I guess kind of a looking forward, Bobby, what progress do you see being made by the end of this decade?
Bobby: I think there’ll be tremendous progress across a whole range of areas, some of which we’re already sort of firmly on the path. So, for example, in the world of renewable power generation, I think we will continue to have very large expansions of wind and solar, and hydro, and geothermal, and other forms of renewable power generation. So, we’ve got great momentum there and we’re on our way.
I think the evolution of hydrogen is a really important component of this. The next three or four years is critical for the hydrogen world for us to get to economics that make both blue and green hydrogen possible and feasible and desirable. And then I think there’s a whole nother bucket of things that we will be doing at the end of this decade that we can’t even imagine today.
And much of that will come, I think, out of our DOE labs and our research universities. And those two things are real competitive advantages that America has versus the rest of the world and we need to put them to use and put them to use in a very big way between now and the end of the decade. So, I kind of go back to my original point, Jim, which is that there’s no silver bullet. This is going to take a little bit of progress across a million different things. In the aggregate, we can make a big difference. We can dramatically drive down CO2 emissions and live in a much cleaner, more sustainable world.
Jim: Yeah. I think that’s an excellent summation. And, just in energy storage alone, there may be some breakthroughs that we can’t even imagine now in the seven years we have left in this particular decade.
And Jennifer, I know that you said you’ve lifted, what, from 30% to 42%, what you’re gonna do by the end of the decade. But beyond what you said earlier, what do you see advancements as we close out this decade?
Jennifer: So, I mean, I think for us to get to 42%, and I think a lot of companies that look like us are very similar trying to do the same thing, it’s not just about energy efficiency. You actually have to do something holistically different. So, carbon capture carbon capture is one, hydrogen is another. So, I do see, I agree with Bobby.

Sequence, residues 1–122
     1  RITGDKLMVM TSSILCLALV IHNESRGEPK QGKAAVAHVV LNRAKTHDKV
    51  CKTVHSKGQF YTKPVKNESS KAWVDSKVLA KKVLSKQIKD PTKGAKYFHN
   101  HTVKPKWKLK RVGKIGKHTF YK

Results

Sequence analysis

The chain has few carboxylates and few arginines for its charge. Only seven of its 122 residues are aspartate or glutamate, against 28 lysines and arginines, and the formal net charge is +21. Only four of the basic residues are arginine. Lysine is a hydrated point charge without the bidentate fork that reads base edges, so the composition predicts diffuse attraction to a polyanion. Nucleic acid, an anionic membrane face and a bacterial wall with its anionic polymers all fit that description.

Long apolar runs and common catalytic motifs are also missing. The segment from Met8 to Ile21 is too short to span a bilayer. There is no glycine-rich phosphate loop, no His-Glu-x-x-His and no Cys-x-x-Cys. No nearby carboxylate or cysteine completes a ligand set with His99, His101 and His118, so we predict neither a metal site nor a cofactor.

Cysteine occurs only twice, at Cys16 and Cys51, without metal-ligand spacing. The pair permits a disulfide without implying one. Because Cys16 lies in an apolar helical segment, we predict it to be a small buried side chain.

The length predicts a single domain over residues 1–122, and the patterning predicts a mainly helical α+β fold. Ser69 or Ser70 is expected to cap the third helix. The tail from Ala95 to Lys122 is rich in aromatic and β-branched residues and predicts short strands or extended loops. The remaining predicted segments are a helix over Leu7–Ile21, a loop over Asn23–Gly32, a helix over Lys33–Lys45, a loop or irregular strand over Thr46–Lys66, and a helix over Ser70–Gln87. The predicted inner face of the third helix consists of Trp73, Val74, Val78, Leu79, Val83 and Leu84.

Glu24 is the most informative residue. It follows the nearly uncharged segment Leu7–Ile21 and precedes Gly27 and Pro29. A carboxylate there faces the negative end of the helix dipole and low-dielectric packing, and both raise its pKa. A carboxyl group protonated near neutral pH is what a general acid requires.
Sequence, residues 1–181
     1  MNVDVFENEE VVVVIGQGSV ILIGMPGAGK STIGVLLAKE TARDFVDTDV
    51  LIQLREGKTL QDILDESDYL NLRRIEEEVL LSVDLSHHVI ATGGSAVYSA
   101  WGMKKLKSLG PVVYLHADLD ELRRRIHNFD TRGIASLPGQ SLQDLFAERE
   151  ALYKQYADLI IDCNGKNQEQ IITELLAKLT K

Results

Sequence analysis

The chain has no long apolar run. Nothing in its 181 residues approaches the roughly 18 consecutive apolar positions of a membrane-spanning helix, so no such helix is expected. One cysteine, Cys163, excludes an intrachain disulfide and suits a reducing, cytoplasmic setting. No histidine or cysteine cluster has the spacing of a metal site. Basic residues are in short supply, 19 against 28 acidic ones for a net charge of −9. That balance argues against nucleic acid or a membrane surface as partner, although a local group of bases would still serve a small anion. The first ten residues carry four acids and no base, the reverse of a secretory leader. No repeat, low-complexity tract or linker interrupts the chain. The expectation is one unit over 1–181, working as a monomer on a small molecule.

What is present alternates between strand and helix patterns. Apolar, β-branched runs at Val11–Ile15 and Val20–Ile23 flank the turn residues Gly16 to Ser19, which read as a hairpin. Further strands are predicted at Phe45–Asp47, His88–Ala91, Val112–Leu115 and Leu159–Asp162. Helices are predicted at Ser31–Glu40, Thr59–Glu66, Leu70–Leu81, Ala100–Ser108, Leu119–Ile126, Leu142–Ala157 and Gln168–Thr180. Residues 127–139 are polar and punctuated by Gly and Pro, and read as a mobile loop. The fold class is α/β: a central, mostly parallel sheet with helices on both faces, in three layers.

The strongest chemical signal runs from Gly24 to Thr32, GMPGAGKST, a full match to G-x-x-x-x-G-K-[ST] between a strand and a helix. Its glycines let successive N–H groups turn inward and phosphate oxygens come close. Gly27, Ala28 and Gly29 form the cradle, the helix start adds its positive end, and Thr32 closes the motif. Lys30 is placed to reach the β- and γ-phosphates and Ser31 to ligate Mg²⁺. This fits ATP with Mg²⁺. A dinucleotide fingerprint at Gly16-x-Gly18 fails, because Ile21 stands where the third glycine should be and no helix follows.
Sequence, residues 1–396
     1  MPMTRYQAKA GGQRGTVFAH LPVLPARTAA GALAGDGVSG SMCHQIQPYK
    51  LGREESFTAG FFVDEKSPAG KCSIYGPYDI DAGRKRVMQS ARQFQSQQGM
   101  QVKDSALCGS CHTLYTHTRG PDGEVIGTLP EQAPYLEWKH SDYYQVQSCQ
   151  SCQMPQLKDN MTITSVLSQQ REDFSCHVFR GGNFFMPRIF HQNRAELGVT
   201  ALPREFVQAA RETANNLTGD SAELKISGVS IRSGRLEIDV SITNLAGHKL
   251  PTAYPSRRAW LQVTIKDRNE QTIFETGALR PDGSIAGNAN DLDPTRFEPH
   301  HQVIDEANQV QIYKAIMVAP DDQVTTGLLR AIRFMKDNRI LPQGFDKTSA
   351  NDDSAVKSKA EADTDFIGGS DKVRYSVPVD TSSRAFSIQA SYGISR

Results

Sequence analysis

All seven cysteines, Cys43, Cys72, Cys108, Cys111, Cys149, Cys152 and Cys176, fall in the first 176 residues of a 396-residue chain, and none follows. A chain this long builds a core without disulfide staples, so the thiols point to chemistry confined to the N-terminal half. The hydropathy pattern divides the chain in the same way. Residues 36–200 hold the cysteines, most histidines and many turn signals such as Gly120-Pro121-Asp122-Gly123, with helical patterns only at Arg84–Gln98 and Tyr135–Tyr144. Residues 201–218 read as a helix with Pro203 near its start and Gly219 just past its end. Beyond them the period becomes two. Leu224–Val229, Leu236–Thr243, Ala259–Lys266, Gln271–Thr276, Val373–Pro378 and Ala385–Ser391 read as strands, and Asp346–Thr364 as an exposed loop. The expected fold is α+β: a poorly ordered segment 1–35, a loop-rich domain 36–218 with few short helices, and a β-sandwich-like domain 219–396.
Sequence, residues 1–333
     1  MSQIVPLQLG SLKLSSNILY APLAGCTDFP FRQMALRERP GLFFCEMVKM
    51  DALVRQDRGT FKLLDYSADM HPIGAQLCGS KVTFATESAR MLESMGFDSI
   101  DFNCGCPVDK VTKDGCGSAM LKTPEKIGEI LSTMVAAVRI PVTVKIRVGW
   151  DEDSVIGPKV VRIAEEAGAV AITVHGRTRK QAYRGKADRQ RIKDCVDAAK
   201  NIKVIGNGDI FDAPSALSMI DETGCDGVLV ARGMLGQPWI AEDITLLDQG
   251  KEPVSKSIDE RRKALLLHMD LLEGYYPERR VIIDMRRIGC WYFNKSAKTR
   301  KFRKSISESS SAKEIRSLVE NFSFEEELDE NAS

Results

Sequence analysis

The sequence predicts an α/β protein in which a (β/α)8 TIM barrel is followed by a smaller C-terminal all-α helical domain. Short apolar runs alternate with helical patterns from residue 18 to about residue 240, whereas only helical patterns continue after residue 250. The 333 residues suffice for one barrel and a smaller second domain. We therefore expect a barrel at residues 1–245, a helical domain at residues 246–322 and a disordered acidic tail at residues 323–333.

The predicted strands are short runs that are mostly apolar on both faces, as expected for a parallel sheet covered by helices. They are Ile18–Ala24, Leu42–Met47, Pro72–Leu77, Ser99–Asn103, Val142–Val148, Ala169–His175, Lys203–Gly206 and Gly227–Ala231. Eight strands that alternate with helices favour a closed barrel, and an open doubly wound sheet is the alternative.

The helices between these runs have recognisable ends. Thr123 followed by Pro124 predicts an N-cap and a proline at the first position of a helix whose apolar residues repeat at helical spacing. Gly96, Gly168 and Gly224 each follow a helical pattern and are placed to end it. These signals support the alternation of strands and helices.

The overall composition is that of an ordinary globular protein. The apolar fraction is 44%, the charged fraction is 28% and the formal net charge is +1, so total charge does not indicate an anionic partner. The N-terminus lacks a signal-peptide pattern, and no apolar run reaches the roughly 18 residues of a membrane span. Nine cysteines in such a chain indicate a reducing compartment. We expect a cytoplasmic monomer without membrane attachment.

I think, we have the Inflation Reduction Act, we have ways now that helps, I think, encourage this and support moving forward so that you do have, the right cost levels to make it work, hydrogen in particular. So, I actually do think by the end of the decade, you could see a lot of things starting to come online. And so, the other thing I think too is that I think as this starts to grow, it’s the beginning is always a little bit slow, but once you start to get to momentum, it really starts to take off.
So, for example, trying to get wells permitted, these types of things. Folks will start to see it and hopefully help us streamline it and make sure that we can do these things a little bit better, a little bit faster. So, I think by the time we get to the end of the decade, I think you will see a lot more renewable power. I agree with Bobby on that. I think hydrogen’s another one.
I’m excited about what technology’s going to be there that isn’t there today. Those are the things that are super exciting. I think energy storage would be great. So, that’s one where I really do hope we see even more significant advancements. But even for us in our labs, we’re looking at making products differently in the future than we make ’em today. And so, these things that we partner with universities as well. And so, I think the “not knowing yet what’s gonna be out there” is kind of super exciting to me.
Jim: Well, that’s also excellent summation. There are so many different things going on, and each of us and where we’re at have a big role to play with that. Well, I want to thank you all so much for sharing your time and your expertise with our listeners. And I know we look forward to doing our part in helping meet these lofty goals that we have before us and improve the quality of life we all enjoy again. So, thank you so much.
Denka: Thank you. Thanks, Jim.
Jennifer: You’re welcome.
Denka: Thanks, Bobby. Thanks, Jennifer.
Bobby: Thank you. Thanks for having us.
-End of Transcript-